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Renewable energy

Japan biomass electricity generation booming

Japan biomass electricity generation approaches 4 GigaWatt

Renewables in Japan is not just solar…

Looking superficially at Japan’s renewable energy sector, its easy to overestimate geo-thermal energy, and to underestimate biomass.

Biomass electricity generation capacity is about 5 times higher than geo-thermal

Japan biomass - Biomass electricity generation capacity in Japan approaches 4 GigaWatt
Biomass electricity generation capacity in Japan approaches 4 GigaWatt

Currently the installed biomass electricity generation capacity is about 5 times higher than for geo-thermal energy production – a fact often overlooked in superficial discussions.

Biomass electricity production is included in Japan’s new feed-in-tariff program which started in July 2012, and is also very generous.

The figure above shows approvals for electricity generation projects from biomass under the new feed-in-tariff program, and demonstrates that after a slow start, approvals are now picking up. The sum of biomass generation facilities operating before the introduction of the new feed-in-tariffs plus approvals since July 2012 approaches 4 GigaWatt, which corresponds approximately to the generation capacity of 4 nuclear reactors.

Understand Japan’s renewable energy

Our report on Japan’s Renewable Energy Sector (pdf file, approx. 219 pages)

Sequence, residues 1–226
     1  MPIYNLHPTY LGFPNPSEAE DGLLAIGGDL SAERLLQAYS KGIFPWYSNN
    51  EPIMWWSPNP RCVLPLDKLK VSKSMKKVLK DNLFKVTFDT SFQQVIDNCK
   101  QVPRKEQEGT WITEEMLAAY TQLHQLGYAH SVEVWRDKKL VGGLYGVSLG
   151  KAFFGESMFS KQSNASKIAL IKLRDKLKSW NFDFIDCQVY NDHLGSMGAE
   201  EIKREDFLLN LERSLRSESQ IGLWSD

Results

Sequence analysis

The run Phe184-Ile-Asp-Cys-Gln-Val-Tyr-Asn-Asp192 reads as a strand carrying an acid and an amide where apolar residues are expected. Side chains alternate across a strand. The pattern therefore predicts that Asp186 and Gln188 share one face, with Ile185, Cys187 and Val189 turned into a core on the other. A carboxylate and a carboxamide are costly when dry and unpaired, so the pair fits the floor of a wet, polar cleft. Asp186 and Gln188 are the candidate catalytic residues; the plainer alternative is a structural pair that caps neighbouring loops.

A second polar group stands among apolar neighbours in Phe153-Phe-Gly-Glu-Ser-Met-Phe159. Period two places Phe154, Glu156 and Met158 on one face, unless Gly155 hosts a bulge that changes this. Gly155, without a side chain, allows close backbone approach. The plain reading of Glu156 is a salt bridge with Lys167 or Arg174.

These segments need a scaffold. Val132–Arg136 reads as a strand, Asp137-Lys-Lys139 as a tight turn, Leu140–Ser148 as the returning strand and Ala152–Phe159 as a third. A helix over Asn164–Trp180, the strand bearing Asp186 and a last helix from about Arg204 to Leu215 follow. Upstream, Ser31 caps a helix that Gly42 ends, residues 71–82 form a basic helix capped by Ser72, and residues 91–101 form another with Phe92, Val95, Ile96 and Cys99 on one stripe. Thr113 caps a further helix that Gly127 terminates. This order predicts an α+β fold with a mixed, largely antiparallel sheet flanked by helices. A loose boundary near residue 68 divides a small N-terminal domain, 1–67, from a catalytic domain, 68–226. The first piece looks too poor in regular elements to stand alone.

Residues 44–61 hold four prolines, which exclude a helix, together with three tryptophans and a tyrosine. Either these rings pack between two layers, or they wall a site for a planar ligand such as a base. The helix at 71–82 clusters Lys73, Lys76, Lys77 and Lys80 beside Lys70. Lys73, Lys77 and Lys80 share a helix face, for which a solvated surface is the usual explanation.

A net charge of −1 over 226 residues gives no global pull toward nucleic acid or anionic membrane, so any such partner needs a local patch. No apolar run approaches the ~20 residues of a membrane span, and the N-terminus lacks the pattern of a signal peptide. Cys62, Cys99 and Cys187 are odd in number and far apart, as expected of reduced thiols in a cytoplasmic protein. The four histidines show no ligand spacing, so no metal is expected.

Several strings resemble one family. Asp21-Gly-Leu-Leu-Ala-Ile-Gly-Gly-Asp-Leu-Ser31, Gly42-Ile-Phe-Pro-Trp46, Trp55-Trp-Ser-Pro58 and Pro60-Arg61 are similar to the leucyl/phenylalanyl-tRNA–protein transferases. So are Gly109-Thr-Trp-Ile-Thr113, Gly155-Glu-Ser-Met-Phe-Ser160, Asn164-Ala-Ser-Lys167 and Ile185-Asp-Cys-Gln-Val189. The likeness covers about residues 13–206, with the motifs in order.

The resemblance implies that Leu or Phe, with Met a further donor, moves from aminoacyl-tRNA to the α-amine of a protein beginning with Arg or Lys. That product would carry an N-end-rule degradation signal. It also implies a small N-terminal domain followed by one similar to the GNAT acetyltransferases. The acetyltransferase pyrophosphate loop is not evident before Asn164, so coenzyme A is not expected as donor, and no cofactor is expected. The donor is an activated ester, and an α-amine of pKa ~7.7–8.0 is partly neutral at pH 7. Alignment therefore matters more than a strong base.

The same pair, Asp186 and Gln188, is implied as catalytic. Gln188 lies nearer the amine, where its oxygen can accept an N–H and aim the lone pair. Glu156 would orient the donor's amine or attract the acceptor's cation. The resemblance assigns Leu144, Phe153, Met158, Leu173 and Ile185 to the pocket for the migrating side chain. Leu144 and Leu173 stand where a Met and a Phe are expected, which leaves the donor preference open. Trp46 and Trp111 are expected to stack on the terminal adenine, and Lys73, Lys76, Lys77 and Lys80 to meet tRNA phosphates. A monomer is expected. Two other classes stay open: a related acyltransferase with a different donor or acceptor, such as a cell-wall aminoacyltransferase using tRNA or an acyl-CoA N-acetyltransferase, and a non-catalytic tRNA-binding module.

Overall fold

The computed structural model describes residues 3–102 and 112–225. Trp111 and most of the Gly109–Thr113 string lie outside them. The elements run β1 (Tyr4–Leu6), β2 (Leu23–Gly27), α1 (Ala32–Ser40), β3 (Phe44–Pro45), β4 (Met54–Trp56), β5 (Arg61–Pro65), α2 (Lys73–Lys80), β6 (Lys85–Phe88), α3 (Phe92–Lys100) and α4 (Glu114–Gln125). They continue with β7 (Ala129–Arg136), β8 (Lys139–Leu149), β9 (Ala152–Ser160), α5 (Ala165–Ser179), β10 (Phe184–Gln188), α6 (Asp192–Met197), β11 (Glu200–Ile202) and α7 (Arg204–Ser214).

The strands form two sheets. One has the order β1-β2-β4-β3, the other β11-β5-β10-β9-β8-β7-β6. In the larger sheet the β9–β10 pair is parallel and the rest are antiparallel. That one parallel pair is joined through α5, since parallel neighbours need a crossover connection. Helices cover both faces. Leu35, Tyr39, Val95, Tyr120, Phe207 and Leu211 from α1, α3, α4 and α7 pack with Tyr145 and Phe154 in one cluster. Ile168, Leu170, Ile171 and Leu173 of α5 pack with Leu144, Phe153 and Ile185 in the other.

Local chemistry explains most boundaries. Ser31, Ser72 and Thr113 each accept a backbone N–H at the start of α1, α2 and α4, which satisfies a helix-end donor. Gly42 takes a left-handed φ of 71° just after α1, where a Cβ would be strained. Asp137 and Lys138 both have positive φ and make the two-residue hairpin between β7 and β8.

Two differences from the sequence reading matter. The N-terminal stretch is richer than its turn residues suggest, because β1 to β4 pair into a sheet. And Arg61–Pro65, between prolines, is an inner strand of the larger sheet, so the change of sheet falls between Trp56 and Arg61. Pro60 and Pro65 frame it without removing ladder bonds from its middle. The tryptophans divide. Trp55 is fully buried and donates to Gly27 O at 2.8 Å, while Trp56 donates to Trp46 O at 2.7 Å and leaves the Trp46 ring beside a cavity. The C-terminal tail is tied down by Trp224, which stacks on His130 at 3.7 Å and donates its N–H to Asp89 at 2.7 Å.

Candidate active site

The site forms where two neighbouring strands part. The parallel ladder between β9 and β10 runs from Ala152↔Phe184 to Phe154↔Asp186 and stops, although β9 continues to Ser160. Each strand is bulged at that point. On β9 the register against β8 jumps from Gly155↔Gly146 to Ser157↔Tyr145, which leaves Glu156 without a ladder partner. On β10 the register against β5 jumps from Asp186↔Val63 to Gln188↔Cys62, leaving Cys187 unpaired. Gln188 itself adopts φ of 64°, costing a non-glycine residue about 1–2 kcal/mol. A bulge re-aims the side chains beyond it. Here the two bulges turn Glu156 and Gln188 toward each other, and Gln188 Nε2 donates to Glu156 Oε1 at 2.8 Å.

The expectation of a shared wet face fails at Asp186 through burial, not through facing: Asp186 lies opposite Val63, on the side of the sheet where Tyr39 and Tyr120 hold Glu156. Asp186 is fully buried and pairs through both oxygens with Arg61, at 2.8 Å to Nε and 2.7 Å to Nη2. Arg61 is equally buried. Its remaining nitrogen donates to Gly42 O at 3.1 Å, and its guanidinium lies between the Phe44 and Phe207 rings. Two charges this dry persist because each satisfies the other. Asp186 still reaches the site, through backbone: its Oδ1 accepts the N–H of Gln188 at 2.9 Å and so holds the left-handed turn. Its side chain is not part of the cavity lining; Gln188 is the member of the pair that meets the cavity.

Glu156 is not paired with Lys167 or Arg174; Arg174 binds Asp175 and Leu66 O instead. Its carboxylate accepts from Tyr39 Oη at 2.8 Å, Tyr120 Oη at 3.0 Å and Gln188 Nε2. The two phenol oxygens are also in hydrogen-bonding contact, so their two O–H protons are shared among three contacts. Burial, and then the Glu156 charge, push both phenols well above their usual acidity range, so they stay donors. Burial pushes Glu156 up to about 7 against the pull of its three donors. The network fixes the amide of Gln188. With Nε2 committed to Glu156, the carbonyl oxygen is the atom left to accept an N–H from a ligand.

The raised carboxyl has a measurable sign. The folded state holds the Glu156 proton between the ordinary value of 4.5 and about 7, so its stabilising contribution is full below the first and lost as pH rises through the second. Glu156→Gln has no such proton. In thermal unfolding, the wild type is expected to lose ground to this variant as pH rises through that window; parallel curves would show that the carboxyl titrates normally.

Understand Japan’s energy sector

Our report on Japan’s Energy Sector (pdf file, approx. 227 pages)

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Electricity Japan's energy sector Natural Gas, LNG Renewable energy

Japan energy – myths versus reality, mantra versus smart

A lecture a the Embassy of Sweden for the Stockholm School of Economics

European Institute for Japanese Studies EIJS

Gerhard Fasol "Japan energy - myths versus reality, mantra versus smart" Embassy of Sweden
Gerhard Fasol “Japan energy – myths versus reality, mantra versus smart” Embassy of Sweden

Outline of the lecture:

  • Energy and DNA
  • Energy and Physics, why you need to understand physics to understand energy
  • Ludwig Boltzmann’s tools and laws to work with energy
  • Myth versus reality, mantra versus smart – psychology of judgment and decision making
  • Parliamentary commission results: “regulatory capture” caused the Fukushima nuclear accident
  • History: Japan’s energy architecture frozen since 1952
  • Primary energy: 96% imported
  • Why Japan pays so much for LNG
  • Electricity architecture and liberalization
  • renewable energy
  • Future: where do we go from here?

Thank you to all those who attended the event “Japan’s energy – myths vs reality” at the Embassy of Sweden – an event organized by the European Institute for Japanese Studies of the Stockholm School of Economics.